The Largest Hydrocarbon Field Discovered to Date in Hungary: Algyo
Imre Magyar, Attila Fogarasi, Gábor Vakarcs, László Bukó, Gábor C. Tari, 2006. "The Largest Hydrocarbon Field Discovered to Date in Hungary: Algyo", The Carpathians and Their Foreland: Geology and Hydrocarbon Resources, Jan Golonka, Frank J. Picha
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The Algyo field is currently one of the largest oil- and gas-producing fields in the Pannonian Basin, Central Europe. Located in the southern part of Hungary, it was discovered in 1965, and it has produced 31 million t of oil and 70 billion m3 (2.47 tcf) of gas. Today, it provides more than half of Hungary's oil production and also holds the largest reserves. The areal extent of the field is about 80 km2 (31 mi2), and it comprises several dozens of sandstone reservoir beds with 5-30 m (16-100 ft) of gross thickness each. The reservoir sands as well as the probable source rocks were deposited in Lake Pannon and in adjacent deltaic and fluvial environments during the late Miocene and earliest Pliocene. Lake Pannon was a huge, long-lived, brackish lake, similar to the modern Caspian Sea. The hydrocarbon traps formed in a compaction anticline above a northwest–southeast-trending metamorphic core complex. A recently shot three-dimensional seismic survey was a milestone for further development and opened new ways for exploration effort, including the use of direct hydrocarbon indicators, to find additional satellite fields in the vicinity of this significant field. Complex interpretation of all available data and using sequence stratigraphy and its chronostratigraphical framework have been tremendously improving our understanding of the mechanisms controlling the reservoir characteristics, facies development, and the oil- and gas-trapping mechanism.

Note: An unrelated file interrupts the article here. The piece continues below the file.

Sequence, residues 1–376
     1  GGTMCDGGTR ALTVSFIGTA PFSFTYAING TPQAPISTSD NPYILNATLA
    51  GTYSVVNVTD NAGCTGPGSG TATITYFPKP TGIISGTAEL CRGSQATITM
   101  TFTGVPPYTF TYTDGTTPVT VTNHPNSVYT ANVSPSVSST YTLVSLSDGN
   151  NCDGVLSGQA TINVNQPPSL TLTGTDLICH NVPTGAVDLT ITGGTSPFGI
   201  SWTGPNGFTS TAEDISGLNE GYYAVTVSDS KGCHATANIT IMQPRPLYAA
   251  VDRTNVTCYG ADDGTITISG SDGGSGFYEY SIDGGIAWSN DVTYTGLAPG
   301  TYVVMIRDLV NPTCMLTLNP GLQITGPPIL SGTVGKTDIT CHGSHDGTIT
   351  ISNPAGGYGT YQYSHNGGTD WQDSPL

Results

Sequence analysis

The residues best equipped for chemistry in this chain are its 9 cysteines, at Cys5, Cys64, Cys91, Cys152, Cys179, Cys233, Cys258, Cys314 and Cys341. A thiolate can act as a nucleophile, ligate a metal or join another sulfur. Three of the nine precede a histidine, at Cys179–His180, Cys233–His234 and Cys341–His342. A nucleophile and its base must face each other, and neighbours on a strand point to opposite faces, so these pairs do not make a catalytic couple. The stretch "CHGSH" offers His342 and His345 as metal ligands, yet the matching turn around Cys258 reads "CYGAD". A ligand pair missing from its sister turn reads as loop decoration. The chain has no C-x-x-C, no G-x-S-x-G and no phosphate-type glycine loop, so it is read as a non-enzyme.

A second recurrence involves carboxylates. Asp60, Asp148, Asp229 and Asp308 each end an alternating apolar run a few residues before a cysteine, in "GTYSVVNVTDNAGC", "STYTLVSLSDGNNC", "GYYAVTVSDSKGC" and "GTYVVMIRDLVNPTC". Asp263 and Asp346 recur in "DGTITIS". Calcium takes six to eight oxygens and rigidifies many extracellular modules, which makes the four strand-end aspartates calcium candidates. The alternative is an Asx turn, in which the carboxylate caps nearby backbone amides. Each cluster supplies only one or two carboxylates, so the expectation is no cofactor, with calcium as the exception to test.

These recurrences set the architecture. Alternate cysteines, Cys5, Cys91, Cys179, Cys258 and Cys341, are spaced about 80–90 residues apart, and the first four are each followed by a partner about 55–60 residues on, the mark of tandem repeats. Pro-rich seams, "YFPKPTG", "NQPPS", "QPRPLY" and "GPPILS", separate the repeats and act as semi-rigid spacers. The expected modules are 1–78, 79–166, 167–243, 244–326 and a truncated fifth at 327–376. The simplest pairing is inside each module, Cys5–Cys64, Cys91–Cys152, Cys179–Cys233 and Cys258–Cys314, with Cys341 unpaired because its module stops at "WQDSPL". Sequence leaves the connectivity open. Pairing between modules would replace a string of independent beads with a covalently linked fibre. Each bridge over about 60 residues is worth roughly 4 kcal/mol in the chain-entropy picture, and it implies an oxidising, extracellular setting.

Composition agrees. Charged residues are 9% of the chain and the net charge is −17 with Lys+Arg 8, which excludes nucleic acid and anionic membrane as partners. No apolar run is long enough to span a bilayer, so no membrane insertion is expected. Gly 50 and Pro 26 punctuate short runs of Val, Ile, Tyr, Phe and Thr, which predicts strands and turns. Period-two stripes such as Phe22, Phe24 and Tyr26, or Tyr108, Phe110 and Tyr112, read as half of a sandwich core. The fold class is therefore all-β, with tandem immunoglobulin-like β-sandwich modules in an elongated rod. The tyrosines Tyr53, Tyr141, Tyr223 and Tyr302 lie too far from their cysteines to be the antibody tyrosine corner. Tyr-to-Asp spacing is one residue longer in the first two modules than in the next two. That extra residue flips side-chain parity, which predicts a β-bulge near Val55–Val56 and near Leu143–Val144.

Copyright ©2006. The American Association of Petroleum Geologists.
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This volume of 30 chapters authored by 107 geologists and geophysicists from Austria, Czech Republic, Hungary, Poland, Romania, Slovakia, Ukraine, United Kingdom, and the USA provides a comprehensive and understandable account of geology and hydrocarbon resources of the entire Carpathian system from northeastern Austria to southern Romania, including the Neogene foredeep, the foreland platform both in front and beneath the thrust belt, the Carpathian thrust belt, and the late and post orogenic intermontane basins. Principal chapters on regional geology are supplemented by thematic contributions on geodynamic reconstructions, regional geophysical investigations, hydrocarbon systems, and case studies of major oil and gas fields. To date, close to 7 billion barrels of oil and more than 53 trillion cubic feet of natural gas have been produced from the entire Carpathian system. Additional new reserves may be found, especially at deeper structural levels below the Neogene foredeep and the thin-skinned Carpathian thrust belt. Seventeen chapters of Memoir 84 have been printed in full. The remaining chapters have been printed as abstracts only, with the full paper for all 30 chapters as .pdf files on the CD-ROM in the back of this publication. The publication is intended as a source of information to schools, governmental and private institutions, oil companies, and potential investors.